These are refreshingly creaky old cars too, not some aerodynamic modern marvels whooshing along on dedicated median strips. These are vintage cars going through real neighborhoods.

Not only is this an enjoyable way to see the city, but fitting to this blog, it’s also cheap. A normal one-time ride is $1.25 and transfers are free. Or you can buy a day pass (which also works for bus lines) for just $3. Pony up $55 and you can ride as much as you want for a whole month. In between are passes for 3 and 5 days. If you’re 65 or over, you only have to pull out four dimes to be on your way.

Parking in the French Quarter is crazy expensive, topping $25 a day at some hotels, so this is not a city you want to drive into and park. You’re much better off catching a taxi from the airport and then walking and using the streetcars after that. Or if you are doing some kind of cross-country journey, find a public parking lot or street parking near one of the streetcar lines and leave the car there until it’s time to leave.

New Orleans is a city where you actually want to take public transportation, so enjoy it! See the full scoop on the streetcars at norta.com and get more info on New Orleans at their official tourism site. (Yes, on my 4th visit to the city, I was hosted by them this time.)

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Do you want to really get a great travel deal? The kind of bargain you’ll talk about for 10 years? The kind of deal that is so great that when you tell a cocktail party couple what you paid, one person’s jaw drops and the other starts choking on their drink in disbelief?

I can get you a deal like that.

But I’m not going to ask you to buy anything, sign up for anything, or join some secret club. Anyone trying to sell you insider secrets that will unlock the hidden bargains is probably not to be trusted. There are no secrets anymore.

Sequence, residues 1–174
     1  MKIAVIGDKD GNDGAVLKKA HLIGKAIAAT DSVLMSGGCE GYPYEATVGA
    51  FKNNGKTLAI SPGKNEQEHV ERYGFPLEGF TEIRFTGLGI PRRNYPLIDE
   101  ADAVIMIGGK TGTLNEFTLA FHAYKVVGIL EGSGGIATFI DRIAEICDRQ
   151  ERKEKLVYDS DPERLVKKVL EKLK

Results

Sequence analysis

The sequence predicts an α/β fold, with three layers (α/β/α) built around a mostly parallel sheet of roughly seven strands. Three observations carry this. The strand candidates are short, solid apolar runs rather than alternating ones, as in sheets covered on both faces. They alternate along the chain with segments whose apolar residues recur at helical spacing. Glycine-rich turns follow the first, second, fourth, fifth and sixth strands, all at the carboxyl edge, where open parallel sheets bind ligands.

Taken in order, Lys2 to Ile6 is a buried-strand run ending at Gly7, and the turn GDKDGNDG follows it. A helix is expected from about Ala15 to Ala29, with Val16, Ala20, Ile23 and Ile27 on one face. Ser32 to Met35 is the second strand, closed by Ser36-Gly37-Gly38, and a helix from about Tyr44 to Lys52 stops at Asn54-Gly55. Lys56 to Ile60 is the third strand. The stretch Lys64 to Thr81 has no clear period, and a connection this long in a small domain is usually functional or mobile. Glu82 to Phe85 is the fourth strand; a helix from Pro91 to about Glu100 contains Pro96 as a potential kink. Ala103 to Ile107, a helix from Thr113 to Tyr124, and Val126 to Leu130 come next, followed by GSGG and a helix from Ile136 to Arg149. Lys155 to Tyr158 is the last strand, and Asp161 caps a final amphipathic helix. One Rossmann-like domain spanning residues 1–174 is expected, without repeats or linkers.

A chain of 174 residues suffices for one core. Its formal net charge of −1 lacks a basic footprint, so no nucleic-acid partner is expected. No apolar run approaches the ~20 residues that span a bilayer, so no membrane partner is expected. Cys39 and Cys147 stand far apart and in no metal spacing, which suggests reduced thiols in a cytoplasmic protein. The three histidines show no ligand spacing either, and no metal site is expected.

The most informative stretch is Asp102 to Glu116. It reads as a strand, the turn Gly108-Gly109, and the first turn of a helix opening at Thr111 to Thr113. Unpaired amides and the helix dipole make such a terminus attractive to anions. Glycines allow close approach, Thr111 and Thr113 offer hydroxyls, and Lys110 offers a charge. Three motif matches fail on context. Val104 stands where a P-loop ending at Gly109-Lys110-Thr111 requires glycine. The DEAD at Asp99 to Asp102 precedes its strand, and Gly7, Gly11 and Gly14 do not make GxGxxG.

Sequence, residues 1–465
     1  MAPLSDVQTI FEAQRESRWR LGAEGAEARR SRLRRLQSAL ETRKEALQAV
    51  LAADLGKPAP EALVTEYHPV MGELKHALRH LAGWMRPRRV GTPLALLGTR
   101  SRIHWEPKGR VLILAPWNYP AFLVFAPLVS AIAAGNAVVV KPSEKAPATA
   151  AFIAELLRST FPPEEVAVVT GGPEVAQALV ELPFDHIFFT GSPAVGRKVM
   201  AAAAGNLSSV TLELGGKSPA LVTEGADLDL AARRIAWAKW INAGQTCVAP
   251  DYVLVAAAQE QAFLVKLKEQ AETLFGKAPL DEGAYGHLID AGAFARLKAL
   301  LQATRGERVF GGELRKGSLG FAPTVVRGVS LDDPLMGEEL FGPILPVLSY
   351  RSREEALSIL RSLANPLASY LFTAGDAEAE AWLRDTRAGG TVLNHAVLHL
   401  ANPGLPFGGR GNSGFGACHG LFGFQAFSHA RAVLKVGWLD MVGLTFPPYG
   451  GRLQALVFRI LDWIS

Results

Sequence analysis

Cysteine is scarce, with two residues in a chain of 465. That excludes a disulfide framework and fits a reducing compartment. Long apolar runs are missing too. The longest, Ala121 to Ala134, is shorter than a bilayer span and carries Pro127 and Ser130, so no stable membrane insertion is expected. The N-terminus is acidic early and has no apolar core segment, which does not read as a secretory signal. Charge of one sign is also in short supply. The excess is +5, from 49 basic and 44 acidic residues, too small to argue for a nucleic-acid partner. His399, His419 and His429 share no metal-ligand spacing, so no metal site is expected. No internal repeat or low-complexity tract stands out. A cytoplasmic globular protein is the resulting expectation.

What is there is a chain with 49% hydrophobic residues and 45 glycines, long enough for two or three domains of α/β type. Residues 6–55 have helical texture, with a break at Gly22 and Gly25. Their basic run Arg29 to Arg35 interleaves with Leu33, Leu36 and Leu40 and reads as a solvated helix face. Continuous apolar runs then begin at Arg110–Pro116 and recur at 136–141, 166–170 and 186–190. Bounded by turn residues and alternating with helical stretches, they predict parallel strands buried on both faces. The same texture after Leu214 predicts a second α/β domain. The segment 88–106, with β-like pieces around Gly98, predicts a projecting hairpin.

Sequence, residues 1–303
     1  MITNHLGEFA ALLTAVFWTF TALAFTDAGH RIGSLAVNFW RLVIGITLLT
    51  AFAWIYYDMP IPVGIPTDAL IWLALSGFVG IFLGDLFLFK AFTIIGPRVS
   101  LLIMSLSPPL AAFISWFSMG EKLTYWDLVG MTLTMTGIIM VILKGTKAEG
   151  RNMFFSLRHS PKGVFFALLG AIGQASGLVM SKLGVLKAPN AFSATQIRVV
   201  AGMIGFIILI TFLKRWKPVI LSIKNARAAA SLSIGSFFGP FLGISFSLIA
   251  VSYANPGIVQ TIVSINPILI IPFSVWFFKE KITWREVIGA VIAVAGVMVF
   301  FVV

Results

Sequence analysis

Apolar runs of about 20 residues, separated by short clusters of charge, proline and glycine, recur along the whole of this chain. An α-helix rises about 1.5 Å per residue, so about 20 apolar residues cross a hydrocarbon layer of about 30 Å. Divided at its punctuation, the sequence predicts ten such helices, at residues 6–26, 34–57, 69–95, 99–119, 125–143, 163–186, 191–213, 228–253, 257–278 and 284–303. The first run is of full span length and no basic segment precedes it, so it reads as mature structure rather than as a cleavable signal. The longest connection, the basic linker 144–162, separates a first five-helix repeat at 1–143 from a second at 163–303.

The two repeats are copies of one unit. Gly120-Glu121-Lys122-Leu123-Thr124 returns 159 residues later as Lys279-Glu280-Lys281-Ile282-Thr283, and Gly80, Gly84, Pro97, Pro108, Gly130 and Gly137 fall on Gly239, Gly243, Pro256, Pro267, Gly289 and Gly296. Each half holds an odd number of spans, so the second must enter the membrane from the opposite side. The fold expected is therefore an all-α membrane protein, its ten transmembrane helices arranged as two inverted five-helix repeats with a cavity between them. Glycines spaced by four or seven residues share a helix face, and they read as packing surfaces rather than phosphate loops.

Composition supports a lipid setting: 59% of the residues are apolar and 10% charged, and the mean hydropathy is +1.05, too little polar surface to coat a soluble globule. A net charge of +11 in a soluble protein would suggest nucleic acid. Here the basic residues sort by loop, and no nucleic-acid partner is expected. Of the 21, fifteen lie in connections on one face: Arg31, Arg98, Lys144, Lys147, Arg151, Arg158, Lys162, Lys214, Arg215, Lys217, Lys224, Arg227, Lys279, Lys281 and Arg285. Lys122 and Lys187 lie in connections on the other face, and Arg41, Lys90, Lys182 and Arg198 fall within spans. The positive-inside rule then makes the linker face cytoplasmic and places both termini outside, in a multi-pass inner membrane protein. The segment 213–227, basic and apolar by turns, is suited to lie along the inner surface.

But there is a formula. It looks something like this: 6v – 0v = 10,000

That won’t hold up in algebra class, so don’t try to solve it. It’s really symbolizing a travel truth: 6 variables – 0 variables equals 10,000 possibilities. More than that in many cases, but let’s pick a number. Here’s the illustration of this truth.

travel variables

Whether they have expressly thought about it or not, this truth is what guides those travelers who always seem to find the cheap vacations, the fantastic deals, and the experience of backpacking around the world for a year. Often by trial and error, they’ve stumbled upon the way to get “lucky.” The more travel variables you leave open, the less you are going to pay.

Now let’s look at why I can barely help most infrequent travelers who ask me for advice on how to score better travel deals. After a little prodding, it usually ends up that they’ve already decided they’re going to fly to x place during y time period and are staying at hotel z they read about somewhere. They think, however, that there’s some secret I can tell them that will miraculously shave half off their trip cost, even though they barely have any variables left to work with. If they had a chart it would look more like this, with what’s already been decided grayed out:

traveling variables

Those two visual representations aren’t really even accurate though because not all travel variables are created equal. The 40 decisions they may have left are just fringe around the edge of the budget.

Most of the time, your destination will have an outsized effect on the budget because that will impact the cost of everything else on the list. If you can be flexible on one thing, make it that. If you’re flying to an international destination for a week or two vacation, airfare may be the biggest tangible budget line item. If you’re going domestic or not very far, then the lodging probably will be. Leaving what you’re going to have for dinner open will have a relatively small impact in comparison.

travel costs